Prof. William Olbricht’s research focuses on the application of fluid mechanics and mass transfer to investigate new ways of drug delivery through tissues, in particular the brain. One example is his work in convection-enhanced drug delivery, a technique that uses convective fluid flow to actively distribute drug deeper into brain tissue to treat disease. One advantage of convection-enhanced delivery is that it can bypass the blood brain barrier through the infusion of drug through a microfluidic catheter directly into the brain interstitium thereby establishing a penetration depth further than achieved by diffusion alone. 

Prof. David Putnam’s lab focuses on the design of new materials and systems to target medicines to specific tissues and cell subpopulations. For example, the group engineers bacteria to spontaneously bud outer membrane vesicles that mimic infectious agents and elicit protective immunity to challenge. The group also has designed vaccine delivery vehicles that can protect against disease with a single dose, and in half the time of traditional vaccines. In addition, the Putnam group designs drug delivery systems to deliver more complex therapeutics, like bacteriophage, to help modulate the gut microbiome and to treat infections from antibiotic-resistant strains.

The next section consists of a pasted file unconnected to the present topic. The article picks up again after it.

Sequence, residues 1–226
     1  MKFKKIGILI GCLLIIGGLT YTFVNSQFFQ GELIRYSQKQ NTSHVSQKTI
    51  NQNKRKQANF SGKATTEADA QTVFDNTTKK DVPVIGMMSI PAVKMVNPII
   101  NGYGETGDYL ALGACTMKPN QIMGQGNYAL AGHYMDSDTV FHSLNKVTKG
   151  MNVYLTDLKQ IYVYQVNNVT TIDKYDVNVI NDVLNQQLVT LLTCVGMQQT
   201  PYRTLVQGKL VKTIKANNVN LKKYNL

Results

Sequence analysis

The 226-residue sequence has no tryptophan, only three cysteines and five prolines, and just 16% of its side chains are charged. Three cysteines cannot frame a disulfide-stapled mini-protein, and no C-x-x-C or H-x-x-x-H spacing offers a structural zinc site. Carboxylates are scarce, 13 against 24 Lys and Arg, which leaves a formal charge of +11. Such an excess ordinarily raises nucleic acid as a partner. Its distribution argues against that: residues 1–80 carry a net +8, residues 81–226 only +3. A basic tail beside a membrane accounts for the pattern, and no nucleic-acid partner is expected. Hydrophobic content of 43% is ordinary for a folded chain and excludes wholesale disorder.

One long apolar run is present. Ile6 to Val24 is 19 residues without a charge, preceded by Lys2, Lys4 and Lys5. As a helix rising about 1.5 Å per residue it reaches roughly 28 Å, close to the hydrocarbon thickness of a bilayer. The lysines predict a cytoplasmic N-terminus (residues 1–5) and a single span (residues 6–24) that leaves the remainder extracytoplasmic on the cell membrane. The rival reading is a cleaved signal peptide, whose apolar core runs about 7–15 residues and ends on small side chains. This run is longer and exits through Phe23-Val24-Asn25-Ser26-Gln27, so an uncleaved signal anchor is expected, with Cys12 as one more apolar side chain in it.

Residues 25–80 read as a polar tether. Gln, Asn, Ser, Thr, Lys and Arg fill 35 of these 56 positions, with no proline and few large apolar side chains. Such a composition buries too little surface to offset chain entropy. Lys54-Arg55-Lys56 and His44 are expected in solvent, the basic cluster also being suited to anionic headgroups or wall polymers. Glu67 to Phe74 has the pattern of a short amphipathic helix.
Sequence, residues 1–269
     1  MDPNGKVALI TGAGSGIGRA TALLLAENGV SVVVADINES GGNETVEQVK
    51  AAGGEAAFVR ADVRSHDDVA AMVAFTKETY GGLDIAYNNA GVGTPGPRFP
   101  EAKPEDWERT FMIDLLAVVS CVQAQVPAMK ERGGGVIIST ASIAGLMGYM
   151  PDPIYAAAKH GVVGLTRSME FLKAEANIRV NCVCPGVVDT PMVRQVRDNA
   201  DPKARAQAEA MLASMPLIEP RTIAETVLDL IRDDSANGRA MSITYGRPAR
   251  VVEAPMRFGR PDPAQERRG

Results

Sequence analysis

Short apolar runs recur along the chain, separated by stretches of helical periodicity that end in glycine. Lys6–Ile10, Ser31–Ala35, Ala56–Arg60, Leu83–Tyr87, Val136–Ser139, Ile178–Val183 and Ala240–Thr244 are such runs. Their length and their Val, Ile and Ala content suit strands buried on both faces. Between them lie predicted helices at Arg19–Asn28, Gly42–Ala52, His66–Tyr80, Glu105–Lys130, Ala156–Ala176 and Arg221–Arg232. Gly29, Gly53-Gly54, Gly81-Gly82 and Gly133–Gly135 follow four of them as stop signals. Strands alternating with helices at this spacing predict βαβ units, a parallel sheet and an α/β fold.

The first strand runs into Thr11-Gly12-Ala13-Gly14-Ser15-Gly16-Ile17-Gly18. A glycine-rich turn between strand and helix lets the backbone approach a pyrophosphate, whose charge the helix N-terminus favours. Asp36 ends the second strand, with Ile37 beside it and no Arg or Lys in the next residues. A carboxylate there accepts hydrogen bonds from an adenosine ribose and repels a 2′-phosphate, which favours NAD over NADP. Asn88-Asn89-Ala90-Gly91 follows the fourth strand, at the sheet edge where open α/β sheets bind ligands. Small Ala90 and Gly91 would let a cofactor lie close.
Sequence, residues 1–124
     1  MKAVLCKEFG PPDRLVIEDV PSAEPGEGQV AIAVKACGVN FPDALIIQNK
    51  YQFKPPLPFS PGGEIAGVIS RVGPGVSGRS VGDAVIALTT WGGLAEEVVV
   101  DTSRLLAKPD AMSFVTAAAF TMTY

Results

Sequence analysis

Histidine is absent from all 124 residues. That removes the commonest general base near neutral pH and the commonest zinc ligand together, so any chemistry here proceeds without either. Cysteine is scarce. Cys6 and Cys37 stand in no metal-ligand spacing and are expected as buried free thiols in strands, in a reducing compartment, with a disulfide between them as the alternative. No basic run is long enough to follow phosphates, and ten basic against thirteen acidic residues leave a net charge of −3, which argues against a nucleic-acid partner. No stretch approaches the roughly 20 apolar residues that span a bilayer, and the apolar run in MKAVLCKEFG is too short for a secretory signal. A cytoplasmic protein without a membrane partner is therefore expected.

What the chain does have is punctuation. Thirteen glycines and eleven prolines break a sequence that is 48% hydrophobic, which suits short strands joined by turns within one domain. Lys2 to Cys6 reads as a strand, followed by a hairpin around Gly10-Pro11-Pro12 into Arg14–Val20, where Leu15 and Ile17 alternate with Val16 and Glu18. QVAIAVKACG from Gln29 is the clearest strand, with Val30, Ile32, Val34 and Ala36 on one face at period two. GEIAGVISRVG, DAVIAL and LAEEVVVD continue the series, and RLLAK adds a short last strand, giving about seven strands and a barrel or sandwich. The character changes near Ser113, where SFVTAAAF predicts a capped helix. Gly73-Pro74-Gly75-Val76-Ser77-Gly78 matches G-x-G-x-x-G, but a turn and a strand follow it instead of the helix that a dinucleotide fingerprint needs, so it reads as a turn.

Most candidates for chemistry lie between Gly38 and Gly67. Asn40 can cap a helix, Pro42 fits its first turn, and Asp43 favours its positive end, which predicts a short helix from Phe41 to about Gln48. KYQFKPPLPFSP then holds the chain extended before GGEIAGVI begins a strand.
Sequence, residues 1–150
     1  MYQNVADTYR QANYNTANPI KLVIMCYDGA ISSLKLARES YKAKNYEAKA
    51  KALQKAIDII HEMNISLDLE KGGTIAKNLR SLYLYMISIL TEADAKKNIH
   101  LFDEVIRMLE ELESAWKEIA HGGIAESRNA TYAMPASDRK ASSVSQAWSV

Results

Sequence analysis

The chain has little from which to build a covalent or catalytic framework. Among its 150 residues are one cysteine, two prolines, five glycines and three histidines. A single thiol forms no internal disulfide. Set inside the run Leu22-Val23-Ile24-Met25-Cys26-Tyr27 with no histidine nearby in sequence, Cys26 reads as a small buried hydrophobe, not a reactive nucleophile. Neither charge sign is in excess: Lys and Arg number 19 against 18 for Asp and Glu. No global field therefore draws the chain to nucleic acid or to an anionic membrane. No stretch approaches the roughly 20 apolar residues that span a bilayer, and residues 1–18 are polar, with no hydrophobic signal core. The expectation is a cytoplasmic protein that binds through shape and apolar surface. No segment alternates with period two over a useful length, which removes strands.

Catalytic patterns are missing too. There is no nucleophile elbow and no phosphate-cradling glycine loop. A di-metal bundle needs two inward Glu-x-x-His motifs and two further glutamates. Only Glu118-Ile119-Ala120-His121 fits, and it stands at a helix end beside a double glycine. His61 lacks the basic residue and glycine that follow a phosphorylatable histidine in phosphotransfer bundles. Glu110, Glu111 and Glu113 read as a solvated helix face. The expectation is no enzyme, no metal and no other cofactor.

Prof Ankur Singh’s research in drug delivery focus on developing nanoengineered technologies to modulate immune cells. His lab has engineered nanogels and hydrogels for controlled delivery of therapeutics to program immune cells against infection, inflammation, and cancer.

Prof. Yadong Wang’s lab focuses on controlled release of protein drugs, particularly growth factors and cytokines. The biggest challenge for these molecules as drugs is their short half-lives. Our goal is to design vehicles that not only extend the half-life, but also enable local release. The current lead vehicle in our toolbox is a coacervate that self-assembles with the protein drugs using the same mechanism nature uses to anchor proteins to the extracellular matrix. Our goal is to treat diseases in the cardiovascular, nervous, and musculoskeletal systems.

Research Area Faculty

The faculty researchers in this area exemplify the collaborative nature of the work done at Cornell Engineering.

Ankur Singh

Ankur Singh

Associate Professor (Moving summer 2020)
Sibley School of Mechanical and Aerospace Engineering
Associate Professor (Moving summer 2020)
Meinig School of Biomedical Engineering

Graduate field faculty

Christopher Alabi, caa238@cornell.edu
Carl Batt, cab10@cornell.edu
C.C. Chu, cc62@cornell.edu
Susan Daniel, sd386@cornell.edu
Matthew DeLisa, md255@cornell.edu
Brian Kirby, bk88@cornell.edu
John Lis, jtl10@cornell.edu
Dan Luo, dl79@cornell.edu
Fredrick Maxfield, frmaxfie@med.cornell.edu
Abraham Stroock, ads10@cornell.edu
Alexander Travis, ajt32@cornell.edu
Uli Wiesner, ubw1@cornell.edu